5 minute read - May 14, 2020

The top 4 things that consumers want from their restaurant delivery apps in 2020

Consumers today expect more than ever from their on-demand services - and food delivery apps are no exception. See the four expectations that top consumers’ minds in 2020.
Marshall Pierce
Enterprise Partnerships

Online ordering and food delivery are two of the fastest-growing on-demand services in recent years. In early 2020, Morgan Stanley projected that the industry would reach nearly half a trillion dollars in potential revenue by 2025. Competition between different delivery companies is fierce and companies are continually looking for creative ways to improve their platforms and win over more users.

To beat their competitors, food delivery companies need to provide services that are most demanded by users. Here are some critical consumer insights on what consumers want from food delivery apps and how companies can take action to differentiate themselves from other competitors.

Consumers want local favorites, not endless discovery

When consumers access a food delivery platform, they are usually seeking convenience over meal inspiration. In fact, 54% of people already have a specific restaurant in mind before loading up their favorite delivery app.

This shows that a focus on restaurant density is a worthwhile strategy. Delivery apps should strive to present as many restaurant choices as possible, making sure a high percentage of local establishments are covered. Having ample market coverage helps ensure user retention as opposed to sending the consumer to other apps in search of the restaurant they were craving.

Additionally, food delivery companies should make sure that their restaurant partners are listing high-quality photos as part of the sales and onboarding process. The aim should be to make a restaurant’s online menu look even more appetizing and appealing than the restaurant’s own in-person menu.

Food handling safety remains a top concern

US Foods surveyed people who regularly order food online and asked how upset they would be if a deliverer tampered with their food, such as by grabbing a few fries along the way.

Unsurprisingly, the vast majority of users are not ok with the idea of food tampering. The average response was 8.4, with 1 being “no big deal” and 10 being “absolutely unacceptable”. In addition, 85% of customers would like to see restaurants incorporate tamper-evident labels to help ensure their food is not opened during delivery.

Food delivery companies can help with this issue by making small changes of their own. For example, some apps encourage their restaurant partners to use paper bags that can be stapled shut, making it harder to access the contents while rendering any tampering more obvious.

Consumers need to see rewards for higher-spend orders

Most online food orders range from $25 to $50, with 38% of people even willing to spend upwards of $50 on a single order. Compared with the average amount of $12.75 that consumers spend when visiting a restaurant in-person, it’s clear to see that people are spending more dollars when ordering online.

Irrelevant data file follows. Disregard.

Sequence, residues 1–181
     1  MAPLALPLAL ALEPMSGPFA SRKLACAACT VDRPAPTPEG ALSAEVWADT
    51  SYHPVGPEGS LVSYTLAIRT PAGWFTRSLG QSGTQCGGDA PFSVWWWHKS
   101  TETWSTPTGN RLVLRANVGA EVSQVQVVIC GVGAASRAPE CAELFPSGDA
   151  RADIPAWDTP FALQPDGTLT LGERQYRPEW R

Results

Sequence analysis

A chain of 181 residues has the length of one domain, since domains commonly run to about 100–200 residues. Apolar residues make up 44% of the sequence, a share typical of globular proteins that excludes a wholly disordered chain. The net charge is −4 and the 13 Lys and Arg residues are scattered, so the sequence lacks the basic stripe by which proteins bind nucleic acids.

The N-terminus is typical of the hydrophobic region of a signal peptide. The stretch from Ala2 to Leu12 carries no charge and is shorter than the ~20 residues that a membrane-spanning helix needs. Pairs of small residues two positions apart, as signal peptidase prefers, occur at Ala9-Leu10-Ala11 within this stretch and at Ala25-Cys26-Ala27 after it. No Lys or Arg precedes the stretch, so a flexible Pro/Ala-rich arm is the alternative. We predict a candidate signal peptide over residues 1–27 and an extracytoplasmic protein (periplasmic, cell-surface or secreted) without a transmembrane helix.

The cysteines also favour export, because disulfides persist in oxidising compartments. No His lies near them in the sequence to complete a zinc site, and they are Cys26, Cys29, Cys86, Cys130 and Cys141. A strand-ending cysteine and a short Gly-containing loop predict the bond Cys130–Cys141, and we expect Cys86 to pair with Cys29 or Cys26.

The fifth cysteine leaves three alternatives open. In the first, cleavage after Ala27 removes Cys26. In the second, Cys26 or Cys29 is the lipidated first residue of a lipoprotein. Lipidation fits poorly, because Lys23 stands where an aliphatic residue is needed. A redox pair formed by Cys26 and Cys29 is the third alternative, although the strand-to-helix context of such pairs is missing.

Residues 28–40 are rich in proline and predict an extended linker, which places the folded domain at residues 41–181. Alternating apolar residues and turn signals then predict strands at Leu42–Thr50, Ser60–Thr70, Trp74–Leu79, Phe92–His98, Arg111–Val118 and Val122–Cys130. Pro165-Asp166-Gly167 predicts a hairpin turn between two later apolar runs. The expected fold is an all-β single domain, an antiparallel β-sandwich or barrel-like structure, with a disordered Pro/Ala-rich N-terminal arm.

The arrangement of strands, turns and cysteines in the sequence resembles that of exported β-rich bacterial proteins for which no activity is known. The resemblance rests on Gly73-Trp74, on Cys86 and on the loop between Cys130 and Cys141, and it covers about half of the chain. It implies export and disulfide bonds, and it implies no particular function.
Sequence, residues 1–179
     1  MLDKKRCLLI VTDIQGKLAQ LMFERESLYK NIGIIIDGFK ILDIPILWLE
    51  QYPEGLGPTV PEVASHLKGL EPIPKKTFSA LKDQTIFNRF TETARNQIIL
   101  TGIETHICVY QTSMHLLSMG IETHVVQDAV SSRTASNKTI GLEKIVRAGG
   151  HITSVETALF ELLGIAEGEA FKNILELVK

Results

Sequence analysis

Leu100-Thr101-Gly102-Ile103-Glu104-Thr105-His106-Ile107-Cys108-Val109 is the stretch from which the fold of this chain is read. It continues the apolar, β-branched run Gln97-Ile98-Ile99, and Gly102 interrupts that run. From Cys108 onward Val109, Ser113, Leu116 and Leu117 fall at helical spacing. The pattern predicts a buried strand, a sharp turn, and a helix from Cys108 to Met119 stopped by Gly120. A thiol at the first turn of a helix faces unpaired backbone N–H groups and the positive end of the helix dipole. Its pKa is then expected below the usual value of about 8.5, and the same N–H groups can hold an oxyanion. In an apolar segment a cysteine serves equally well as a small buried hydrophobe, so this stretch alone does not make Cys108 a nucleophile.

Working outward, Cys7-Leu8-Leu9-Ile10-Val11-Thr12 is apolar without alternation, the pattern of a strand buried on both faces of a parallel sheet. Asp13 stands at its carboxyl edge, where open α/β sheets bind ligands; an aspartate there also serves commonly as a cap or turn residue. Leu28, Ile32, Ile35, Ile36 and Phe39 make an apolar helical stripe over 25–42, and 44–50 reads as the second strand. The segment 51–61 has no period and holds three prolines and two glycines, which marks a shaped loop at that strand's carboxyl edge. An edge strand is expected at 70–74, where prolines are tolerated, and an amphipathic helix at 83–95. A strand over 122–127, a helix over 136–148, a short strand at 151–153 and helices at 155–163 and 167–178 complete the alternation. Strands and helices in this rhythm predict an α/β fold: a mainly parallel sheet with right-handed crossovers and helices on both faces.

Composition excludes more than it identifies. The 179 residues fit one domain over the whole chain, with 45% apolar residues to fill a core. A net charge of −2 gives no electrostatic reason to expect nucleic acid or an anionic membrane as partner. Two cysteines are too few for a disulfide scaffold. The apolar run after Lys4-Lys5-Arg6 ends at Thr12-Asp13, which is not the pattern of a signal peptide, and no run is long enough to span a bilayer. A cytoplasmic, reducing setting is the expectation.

During COVID 19, this trend has accelerated as people prefer the safety and convenience of ordering and dining from home. But as life returns to normal, apps should be prepared to offer additional incentives in order to maintain that higher level of spend online.

Offering a flexible loyalty and rewards program that includes delivery is a great way to encourage mobile food orders even as more dine-in options become available. Tying rewards directly into your ordering platform encourages loyalty and dissuades users from deserting to other platforms where their points and benefits don’t carry over.

Better food photos help sell more to young people

Prior to COVID-19, a sizable 55% of people ages 18 to 24 had used a food delivery service, compared to just 40% of people ages 35 to 44, and 26% of people ages 55 to 64. Although COVID-19 has brought an increase in online ordering across all demographics, younger generations are still far more likely to use a food delivery service.

Companies can better optimize their platforms for these younger users by incorporating more images and less text. 58% of millennials polled say they prefer receiving information visually over any other medium. In addition, it is much easier for users to quickly browse an album of food pictures than it is to digest lengthy menu descriptions on a mobile device.

In fact, the ability to view photographs of menu items is the most important feature requested by all age groups when ordering food online. Snappr commissioned a study (conducted by Google) of 600 American consumers and found that viewing pictures ranked as 44% more important than reading food descriptions and 38% more important than reading user reviews!

The implementation of new high-quality food and menu photography into restaurant partner listings is an extremely effective marketing strategy for food delivery apps during COVID-19. Snappr can help your platform deliver the best visual content to consumers through our network of professional restaurant photographers. Contact our enterprise photography team today to learn how you could see a quick return on investment through our on-demand services at scale.

About the author

Marshall Pierce
Enterprise Partnerships

Marshall Pierce leads partnerships for enterprise Food clients at Snappr. He has helped dozens of major players in the industry with their content strategy. He is available for a no-obligation consultation about your Food photography needs.

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